On the Bodily Pain of Protest by Michelle M. Campbell

  Martyrdom is easiest when you know the ending. It’s the waiting, the continuing struggle toward a diminishing goal post, that is one of the hardest parts. I am part of a group that has been occupying the administration building of Purdue University in protest again the lack of administrative outcry against fascist posters put up around campus in late November. A group of students, and some faculty and staff, have been occupying the atrium of the administration building, just a flight of stairs away from the President’s office, since January 20th. We argued that if the administration did not … Continue reading On the Bodily Pain of Protest by Michelle M. Campbell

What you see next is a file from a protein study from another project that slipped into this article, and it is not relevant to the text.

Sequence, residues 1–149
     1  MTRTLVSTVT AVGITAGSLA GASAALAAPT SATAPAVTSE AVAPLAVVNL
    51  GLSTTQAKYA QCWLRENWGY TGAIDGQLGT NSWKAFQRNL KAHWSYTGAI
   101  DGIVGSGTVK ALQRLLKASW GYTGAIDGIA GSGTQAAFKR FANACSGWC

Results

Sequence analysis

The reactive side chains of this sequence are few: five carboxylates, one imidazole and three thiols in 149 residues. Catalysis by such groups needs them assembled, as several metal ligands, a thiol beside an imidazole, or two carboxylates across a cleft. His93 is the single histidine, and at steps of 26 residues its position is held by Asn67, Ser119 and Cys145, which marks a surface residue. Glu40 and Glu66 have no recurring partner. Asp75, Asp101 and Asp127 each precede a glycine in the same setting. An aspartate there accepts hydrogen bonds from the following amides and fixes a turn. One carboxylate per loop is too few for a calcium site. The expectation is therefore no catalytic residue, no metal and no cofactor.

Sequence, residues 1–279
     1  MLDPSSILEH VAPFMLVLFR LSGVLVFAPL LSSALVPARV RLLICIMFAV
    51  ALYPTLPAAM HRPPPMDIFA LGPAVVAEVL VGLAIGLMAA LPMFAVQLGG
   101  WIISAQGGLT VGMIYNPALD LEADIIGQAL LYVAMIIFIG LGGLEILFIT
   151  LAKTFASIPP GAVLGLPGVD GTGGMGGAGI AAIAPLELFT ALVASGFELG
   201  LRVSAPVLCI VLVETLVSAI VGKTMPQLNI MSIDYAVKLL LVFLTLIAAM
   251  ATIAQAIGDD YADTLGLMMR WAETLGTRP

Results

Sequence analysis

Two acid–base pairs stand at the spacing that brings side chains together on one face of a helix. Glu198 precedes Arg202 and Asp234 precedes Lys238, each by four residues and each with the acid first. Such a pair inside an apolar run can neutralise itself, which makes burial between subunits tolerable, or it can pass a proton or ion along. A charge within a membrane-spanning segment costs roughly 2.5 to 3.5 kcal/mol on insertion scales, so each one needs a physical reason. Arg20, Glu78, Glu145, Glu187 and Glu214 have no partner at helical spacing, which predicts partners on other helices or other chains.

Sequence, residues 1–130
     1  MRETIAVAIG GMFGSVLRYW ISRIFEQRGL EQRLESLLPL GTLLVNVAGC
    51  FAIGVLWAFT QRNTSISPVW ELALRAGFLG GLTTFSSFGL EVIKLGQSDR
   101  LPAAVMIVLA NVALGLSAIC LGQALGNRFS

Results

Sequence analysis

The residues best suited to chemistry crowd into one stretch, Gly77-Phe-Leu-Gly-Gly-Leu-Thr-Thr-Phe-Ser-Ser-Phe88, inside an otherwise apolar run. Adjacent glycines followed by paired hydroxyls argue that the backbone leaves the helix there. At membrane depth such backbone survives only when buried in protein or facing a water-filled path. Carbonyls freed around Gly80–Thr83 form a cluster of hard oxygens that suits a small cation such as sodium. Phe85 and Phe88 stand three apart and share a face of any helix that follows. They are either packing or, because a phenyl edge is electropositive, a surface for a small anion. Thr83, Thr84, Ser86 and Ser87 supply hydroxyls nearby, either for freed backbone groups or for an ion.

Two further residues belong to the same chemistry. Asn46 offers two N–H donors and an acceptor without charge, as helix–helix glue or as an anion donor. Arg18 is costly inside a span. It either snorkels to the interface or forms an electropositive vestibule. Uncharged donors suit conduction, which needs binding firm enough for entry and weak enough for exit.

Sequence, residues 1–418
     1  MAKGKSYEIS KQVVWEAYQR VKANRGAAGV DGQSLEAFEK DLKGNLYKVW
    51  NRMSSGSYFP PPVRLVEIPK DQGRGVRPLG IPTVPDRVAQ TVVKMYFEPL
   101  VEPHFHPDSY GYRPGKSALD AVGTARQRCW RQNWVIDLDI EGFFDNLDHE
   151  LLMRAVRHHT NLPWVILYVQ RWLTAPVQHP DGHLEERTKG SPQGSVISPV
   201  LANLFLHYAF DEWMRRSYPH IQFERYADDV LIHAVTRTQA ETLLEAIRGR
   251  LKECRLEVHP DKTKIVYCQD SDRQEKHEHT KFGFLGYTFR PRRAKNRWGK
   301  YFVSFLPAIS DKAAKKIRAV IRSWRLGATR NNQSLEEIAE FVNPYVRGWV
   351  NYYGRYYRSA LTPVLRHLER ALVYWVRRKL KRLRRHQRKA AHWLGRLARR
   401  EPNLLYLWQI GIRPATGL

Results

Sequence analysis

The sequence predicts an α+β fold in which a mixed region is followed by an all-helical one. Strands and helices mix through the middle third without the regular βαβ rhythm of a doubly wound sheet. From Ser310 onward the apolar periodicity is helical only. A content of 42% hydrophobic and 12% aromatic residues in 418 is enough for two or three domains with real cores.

Marching Out of D.C. and into the Classroom by Colleen Clemens

The day after the election, my colleague saw murmurings of a march to take place in D.C. the day after the inauguration.  She booked a room in Arlington, not knowing what we were even committing to.  But we knew we needed to commit to something. We were still absorbing the news that Donald Trump had won the election after a long night of watching returns.  We did not know what his presidency would bring.  We felt alone and concerned, so we drafted a manifesto to give voice to our anger and energy.  We knew that was going to be start … Continue reading Marching Out of D.C. and into the Classroom by Colleen Clemens